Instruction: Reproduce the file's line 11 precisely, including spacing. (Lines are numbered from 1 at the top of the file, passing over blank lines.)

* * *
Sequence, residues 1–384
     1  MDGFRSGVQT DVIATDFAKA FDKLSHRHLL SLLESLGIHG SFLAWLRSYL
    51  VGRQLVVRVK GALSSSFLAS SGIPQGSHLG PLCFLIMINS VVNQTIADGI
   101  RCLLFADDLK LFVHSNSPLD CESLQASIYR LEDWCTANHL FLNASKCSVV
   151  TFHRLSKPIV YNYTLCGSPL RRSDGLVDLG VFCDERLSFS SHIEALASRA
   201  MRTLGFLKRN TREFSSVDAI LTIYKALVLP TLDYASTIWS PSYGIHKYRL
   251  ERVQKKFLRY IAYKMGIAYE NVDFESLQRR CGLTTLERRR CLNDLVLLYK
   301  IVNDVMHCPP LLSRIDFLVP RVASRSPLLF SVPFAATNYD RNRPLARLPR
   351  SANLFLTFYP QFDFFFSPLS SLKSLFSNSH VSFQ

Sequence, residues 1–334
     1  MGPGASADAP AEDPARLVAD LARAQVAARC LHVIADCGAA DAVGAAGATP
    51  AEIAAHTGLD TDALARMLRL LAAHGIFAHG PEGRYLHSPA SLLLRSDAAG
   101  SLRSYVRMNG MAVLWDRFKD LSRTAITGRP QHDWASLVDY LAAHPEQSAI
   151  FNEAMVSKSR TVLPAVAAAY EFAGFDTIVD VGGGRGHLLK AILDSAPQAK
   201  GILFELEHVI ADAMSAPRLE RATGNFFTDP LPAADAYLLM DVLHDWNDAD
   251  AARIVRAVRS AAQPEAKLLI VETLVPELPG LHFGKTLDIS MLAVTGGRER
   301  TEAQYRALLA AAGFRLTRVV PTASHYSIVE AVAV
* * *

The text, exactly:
     1  MGPGASADAP AEDPARLVAD LARAQVAARC LHVIADCGAA DAVGAAGATP